Ola is another of our Volunteer Co-ordinators, she will be heading out to Thailand this summer with her team of volunteers. Last year Ola spent four weeks in India with VESL teaching English in a primary school, check out her advice on going overseas below.
I’m in my second year of LLB (Law) at MMU. Last year I went to India with VESL for 4 weeks on the project and another 2 weeks bag packing down the west coast. Before that I only travelled within Europe to countries such as Malta, Italy, Turkey and few others. I really like curry, therefore loved India where I got it for breakfast, lunch and dinner. I don’t like mess and that makes me very organised. So far I have planned to fundraise through a “dress down” day at work, where we have to dress smart all week. I will also do a cake sale at the uni and see where I go from there.
What is the one thing you wouldn’t go overseas without?
I wouldn’t go without a good book or 10, especially if flying alone!
What is the one thing you would advise volunteers not to pack?
Excessive amount of toiletries, they only weigh the baggage down and it turned out I could get most of them in the city near by the project. (Still bring some, just not a lot!)
If you could give one piece of advice what would it be?
While out there remember that you might not get an opportunity like that again so enjoy it as much as you can. It will either be a good pub story when back in the UK (no matter how distressing or embarrassing it will end up being funny) or a good lesson and most of all a memory!
What are you most looking forward to?
I’m most looking forward to meeting my (new) family, seeing their way of life and forgetting about the UK reality while out there.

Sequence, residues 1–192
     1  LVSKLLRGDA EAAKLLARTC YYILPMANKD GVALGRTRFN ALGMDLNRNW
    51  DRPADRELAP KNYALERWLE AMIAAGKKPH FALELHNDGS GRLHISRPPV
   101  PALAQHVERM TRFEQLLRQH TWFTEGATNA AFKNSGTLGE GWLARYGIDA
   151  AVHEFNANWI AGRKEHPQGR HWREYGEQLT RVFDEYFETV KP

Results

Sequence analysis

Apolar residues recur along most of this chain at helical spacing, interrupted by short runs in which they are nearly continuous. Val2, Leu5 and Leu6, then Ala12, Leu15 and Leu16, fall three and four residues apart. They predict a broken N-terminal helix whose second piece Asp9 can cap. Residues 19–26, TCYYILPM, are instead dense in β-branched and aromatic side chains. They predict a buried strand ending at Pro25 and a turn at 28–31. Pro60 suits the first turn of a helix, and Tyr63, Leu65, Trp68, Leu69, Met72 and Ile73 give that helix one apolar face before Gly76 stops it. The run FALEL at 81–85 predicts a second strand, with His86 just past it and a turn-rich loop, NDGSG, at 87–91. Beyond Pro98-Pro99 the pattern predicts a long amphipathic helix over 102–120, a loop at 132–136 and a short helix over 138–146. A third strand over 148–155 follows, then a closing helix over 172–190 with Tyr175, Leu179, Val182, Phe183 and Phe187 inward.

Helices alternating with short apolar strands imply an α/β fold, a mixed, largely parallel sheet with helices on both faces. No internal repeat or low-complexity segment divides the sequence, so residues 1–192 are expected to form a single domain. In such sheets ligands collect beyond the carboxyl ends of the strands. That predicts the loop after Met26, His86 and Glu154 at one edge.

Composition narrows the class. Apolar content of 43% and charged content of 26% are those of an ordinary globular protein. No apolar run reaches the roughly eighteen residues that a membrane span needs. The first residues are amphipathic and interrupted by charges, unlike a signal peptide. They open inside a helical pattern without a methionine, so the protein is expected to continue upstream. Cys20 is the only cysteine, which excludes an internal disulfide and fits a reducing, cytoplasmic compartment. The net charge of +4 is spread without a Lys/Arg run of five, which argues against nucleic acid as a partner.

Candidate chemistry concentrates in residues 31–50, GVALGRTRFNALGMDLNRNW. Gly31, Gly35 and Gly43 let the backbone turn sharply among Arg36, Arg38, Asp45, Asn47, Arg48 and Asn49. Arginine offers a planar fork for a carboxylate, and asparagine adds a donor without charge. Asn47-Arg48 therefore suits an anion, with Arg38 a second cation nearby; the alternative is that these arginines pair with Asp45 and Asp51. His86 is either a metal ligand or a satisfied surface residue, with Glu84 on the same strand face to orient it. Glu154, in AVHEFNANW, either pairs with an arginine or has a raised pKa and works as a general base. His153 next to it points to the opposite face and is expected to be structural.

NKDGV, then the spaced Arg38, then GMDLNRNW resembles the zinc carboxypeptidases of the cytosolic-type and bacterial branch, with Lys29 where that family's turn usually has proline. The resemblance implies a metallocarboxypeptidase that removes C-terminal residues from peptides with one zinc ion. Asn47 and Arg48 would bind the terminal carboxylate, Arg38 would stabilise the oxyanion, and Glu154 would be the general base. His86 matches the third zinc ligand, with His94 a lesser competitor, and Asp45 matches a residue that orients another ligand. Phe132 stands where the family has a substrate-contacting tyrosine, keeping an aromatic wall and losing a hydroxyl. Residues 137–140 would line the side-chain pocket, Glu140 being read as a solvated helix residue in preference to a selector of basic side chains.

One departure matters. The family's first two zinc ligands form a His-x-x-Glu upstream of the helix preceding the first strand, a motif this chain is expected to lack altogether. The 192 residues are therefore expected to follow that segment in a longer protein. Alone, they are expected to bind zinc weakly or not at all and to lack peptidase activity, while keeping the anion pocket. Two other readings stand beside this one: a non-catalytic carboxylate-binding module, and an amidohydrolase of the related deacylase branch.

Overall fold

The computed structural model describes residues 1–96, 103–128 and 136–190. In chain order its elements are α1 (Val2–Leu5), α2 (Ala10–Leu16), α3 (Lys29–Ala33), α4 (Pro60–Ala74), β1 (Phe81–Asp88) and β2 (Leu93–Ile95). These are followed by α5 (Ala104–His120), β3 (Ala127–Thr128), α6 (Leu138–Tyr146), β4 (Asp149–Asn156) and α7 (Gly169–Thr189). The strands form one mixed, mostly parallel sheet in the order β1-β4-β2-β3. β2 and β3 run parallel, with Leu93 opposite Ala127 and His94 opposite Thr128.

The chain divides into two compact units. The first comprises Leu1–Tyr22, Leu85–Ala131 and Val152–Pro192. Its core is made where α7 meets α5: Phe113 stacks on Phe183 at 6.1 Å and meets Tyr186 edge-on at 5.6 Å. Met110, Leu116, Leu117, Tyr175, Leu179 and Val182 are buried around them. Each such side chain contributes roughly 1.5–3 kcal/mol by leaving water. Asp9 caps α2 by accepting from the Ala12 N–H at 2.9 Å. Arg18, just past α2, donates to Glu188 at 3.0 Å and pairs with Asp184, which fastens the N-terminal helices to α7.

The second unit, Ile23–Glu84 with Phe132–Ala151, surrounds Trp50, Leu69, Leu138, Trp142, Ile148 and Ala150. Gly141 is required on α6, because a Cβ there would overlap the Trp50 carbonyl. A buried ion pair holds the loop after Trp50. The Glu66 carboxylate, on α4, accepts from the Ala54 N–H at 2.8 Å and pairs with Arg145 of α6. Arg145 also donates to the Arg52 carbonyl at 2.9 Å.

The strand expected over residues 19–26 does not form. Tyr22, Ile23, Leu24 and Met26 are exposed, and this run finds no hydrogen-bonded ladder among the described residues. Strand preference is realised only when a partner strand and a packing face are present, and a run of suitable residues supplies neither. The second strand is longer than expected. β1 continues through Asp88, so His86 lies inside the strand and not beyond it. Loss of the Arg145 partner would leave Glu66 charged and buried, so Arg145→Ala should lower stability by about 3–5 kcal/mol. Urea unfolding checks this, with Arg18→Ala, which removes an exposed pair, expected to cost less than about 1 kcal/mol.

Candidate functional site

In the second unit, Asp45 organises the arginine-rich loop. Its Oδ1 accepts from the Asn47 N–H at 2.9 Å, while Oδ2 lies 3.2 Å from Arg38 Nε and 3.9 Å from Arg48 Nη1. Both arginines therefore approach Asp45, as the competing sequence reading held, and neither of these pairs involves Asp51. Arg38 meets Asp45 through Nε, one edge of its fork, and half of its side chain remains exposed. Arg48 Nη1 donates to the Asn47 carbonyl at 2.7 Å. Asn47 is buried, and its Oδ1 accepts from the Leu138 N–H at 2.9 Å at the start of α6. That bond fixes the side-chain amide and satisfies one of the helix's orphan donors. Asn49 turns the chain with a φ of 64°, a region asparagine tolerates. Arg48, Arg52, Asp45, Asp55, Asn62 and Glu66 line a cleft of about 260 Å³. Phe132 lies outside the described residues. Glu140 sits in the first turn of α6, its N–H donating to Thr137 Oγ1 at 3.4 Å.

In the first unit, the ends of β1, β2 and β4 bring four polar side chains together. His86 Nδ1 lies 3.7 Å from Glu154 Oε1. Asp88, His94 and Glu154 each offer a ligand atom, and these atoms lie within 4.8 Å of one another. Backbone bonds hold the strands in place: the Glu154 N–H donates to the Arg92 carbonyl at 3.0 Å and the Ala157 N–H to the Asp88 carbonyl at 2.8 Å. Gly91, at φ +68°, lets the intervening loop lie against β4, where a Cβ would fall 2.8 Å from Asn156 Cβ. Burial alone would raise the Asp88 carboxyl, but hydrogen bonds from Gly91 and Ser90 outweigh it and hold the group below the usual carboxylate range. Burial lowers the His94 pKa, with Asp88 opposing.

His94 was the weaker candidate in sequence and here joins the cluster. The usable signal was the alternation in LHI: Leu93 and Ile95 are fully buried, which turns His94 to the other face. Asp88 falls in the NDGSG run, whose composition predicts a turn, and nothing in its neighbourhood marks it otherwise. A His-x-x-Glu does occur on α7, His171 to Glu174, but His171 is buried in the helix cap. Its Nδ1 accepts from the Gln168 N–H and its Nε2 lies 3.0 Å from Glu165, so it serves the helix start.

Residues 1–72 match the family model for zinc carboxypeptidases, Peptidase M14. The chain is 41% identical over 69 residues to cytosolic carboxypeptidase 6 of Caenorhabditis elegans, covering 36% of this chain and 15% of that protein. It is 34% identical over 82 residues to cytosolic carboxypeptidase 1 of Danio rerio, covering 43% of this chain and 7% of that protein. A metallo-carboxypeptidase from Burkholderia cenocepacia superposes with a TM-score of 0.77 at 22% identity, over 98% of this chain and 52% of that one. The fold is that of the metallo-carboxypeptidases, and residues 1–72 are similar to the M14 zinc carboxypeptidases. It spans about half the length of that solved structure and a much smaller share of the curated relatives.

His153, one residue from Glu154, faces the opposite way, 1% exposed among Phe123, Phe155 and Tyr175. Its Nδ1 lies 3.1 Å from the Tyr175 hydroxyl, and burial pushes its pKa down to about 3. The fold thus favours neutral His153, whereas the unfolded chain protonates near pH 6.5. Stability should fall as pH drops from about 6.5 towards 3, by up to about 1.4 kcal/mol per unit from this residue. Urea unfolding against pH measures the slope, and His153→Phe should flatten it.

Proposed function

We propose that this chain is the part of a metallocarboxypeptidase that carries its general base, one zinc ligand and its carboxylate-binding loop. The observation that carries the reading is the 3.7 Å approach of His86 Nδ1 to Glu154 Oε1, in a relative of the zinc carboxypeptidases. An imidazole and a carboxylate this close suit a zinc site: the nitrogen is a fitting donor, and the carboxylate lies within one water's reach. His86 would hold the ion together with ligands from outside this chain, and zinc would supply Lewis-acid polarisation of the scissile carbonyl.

Our first lesson was really well planned and we planned far too much just in case. It went really well, me and my project partner were shocked! We decided to make our first lesson about the difference between “good morning”, “afternoon” and “evening” with different times. We drew a lot of clocks on the board and whoever got the greeting right would get a sticker. Then we moved onto the responses to “How are you?” as everyone was responding with an automatic “I’m fine thank you”. We showed them that there were other options such as “I’m good” or “I’m happy”. That was far more difficult than anticipated!
What was your most memorable moment as a VESL volunteer?
My most memorable moment was when my family took me and Becky (project partner) to Shangumugham beach at sun set. It was really good to have some bonding time with them and their friends. It was such an emotional day that made me realise how happy people can be even in disadvantaged communities. And when we got back my host mother was giving me loads of cuddles and said she didn’t want me to go back to the UK!
What was your favourite food?
My fave food was fried fish or egg curry (don’t judge before you try it!)
Do you have any tips for travelling at weekends?
I can only advise on India as I haven’t been to Thailand yet! Kanyakumari, Kochi and the house boats would definitely be the places to visit.
What was your biggest challenge?
I’m a really private person so I found the lack of personal space quite difficult. Every time I’d sit in my room for longer than 10 minutes on my own my family would get really worried and think that I was unhappy! I had to tell them whenever I needed some “me time” that I was going to my room for a while and exactly what I was doing. It calmed them down a bit!